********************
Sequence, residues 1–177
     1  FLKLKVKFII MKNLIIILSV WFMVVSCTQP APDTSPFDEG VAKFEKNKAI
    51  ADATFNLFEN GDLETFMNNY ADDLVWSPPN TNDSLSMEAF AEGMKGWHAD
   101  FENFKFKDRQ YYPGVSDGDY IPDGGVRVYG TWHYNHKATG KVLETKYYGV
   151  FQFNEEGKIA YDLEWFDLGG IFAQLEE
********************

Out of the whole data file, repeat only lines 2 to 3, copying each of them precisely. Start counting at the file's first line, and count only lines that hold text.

     1  FLKLKVKFII MKNLIIILSV WFMVVSCTQP APDTSPFDEG VAKFEKNKAI
    51  ADATFNLFEN GDLETFMNNY ADDLVWSPPN TNDSLSMEAF AEGMKGWHAD